The kid shoved back his hair, revealing his face. Except it wasn’t a kid. It was Jude’s uncle. Uncle Sam. Hot Uncle Sam. Hot Uncle Sam who was possibly OD’ing on opioids right in front of her. She had to do something! Oh God, she was in no state for altruism. Penny quickly pulled her hair into a bun and grabbed a breath mint from her go bag.

Priorities, Penny. Save the man from dying. Nobody cares about your breath.

She glanced back at Sam to see if he had stirred. He was probably in the throes of brain death now, drawing his final breaths while she was faffing.

What do I do? What do I do?

How to save a dying man:

  1. Call Betty Blackwell. What? How was her only readily available resource an outdated local TV ad for a criminal defense attorney?
  2. Ignore him. Christ, he’s not your uncle! Ugh. But he was Jude’s. And Penny liked Jude even if she talked way too much.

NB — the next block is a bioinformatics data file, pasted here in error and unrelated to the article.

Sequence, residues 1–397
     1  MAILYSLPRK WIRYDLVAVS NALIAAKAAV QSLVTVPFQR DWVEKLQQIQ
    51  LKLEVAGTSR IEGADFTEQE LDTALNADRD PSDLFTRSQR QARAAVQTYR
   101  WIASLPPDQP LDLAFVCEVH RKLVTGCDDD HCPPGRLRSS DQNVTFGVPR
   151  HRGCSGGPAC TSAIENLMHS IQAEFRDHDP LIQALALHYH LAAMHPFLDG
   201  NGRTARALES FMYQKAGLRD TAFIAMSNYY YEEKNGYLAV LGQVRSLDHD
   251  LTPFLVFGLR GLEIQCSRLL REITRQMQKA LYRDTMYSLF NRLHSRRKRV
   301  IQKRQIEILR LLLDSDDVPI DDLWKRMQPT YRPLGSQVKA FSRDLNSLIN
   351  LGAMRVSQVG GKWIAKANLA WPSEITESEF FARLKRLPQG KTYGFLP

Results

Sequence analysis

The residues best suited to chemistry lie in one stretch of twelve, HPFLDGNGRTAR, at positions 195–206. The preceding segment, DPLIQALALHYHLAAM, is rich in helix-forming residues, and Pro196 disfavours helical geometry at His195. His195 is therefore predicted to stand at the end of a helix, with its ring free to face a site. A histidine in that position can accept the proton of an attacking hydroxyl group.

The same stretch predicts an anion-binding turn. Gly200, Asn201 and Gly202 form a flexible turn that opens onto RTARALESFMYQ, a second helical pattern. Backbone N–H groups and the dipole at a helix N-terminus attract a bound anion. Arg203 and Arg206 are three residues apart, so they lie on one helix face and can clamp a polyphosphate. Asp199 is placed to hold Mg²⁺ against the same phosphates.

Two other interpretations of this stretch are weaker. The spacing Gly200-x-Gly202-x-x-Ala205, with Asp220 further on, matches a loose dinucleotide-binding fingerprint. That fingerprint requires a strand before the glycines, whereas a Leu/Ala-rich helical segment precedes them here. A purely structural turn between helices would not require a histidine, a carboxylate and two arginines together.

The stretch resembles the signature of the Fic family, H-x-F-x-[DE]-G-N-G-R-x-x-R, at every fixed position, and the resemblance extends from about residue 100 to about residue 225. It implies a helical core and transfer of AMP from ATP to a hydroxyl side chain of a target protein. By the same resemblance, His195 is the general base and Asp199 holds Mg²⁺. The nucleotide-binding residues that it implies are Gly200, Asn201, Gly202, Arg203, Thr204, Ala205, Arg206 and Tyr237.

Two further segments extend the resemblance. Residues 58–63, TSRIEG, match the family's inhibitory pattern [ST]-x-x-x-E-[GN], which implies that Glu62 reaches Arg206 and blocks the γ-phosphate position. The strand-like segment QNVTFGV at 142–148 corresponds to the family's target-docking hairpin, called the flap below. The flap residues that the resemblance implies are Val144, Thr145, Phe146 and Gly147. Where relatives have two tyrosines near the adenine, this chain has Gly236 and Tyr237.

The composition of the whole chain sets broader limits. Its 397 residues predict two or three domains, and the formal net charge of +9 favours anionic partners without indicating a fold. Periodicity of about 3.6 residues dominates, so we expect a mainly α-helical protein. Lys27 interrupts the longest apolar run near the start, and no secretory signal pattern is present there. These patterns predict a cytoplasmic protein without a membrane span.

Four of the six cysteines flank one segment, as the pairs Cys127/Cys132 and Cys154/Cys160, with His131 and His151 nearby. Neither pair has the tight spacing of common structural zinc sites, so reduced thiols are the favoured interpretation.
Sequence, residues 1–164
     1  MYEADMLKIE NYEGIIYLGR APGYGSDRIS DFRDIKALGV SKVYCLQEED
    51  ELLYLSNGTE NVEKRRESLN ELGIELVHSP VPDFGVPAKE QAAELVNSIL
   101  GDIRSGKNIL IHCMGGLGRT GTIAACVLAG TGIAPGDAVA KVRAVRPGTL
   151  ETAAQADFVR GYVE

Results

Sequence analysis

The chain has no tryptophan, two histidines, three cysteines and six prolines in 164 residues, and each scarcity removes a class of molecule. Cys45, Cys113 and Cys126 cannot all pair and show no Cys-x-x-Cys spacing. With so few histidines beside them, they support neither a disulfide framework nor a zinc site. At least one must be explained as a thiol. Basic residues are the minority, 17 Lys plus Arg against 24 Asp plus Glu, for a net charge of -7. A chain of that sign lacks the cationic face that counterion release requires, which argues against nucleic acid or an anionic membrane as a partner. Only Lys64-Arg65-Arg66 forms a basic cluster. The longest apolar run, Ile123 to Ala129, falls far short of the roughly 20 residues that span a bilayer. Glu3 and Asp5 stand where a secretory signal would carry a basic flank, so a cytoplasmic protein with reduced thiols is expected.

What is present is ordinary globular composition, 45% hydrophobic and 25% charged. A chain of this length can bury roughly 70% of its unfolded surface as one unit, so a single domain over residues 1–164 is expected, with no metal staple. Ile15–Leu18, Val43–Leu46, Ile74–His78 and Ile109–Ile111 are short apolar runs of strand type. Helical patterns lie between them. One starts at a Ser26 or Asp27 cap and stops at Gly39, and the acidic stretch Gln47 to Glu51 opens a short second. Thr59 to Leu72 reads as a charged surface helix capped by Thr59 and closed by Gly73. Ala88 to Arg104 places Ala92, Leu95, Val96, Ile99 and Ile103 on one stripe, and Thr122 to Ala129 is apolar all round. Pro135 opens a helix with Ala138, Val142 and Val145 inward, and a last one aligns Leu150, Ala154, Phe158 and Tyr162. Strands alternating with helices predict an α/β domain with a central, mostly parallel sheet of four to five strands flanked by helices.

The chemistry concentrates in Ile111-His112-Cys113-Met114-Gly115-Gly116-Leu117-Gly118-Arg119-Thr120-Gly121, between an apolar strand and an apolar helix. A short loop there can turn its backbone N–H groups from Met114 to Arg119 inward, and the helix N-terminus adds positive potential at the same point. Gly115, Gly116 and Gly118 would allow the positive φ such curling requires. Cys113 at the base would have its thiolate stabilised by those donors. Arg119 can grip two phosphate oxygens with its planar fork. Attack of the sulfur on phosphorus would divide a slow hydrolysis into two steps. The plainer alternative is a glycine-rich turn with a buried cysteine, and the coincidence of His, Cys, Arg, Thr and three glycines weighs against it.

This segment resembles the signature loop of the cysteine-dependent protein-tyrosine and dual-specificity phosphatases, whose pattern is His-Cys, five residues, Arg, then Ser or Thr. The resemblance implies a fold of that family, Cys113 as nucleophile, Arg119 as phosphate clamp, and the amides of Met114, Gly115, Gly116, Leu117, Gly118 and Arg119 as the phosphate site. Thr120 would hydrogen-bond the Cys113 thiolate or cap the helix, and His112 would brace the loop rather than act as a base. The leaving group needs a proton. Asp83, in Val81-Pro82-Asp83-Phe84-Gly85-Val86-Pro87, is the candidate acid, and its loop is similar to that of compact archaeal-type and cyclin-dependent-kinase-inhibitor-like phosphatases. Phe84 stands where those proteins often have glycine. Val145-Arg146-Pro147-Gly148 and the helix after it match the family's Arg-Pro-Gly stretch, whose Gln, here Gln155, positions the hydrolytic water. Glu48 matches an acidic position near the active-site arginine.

3. Go see if he’s dead already.

Penny ran across the street to his lifeless body and peered into his face.

She hoped she wouldn’t drip sweat on him.

He definitely seemed dead.

And, for the record, the tattoo on his biceps wasn’t a chess piece. It was the head of a stallion with its eyes covered in a sheet. What did it mean?

Focus, Penny. Shit.

“Sam?” She kicked his heel gently. They both still had on the same shoes.

SAM

It was a face he knew and couldn’t place. He stared and tried to focus.

Friend or foe? Friend or foe? Do I owe you money? Are you friends with Lorraine? Please don’t be friends with Lorraine.

Sam closed his eyes again, embarrassed. Her voice was gentle. It was a nice voice.

“Sam, are you alive? It’s Penny.” She sounded far away.

Sam felt another kick on his foot, and he groaned.

“I’m Jude’s friend,” said the shiny face with the bright red lips.

“Who’s Jude?” he croaked.

“Your cousin.”

“Niece,” he corrected.

“Are you dying?”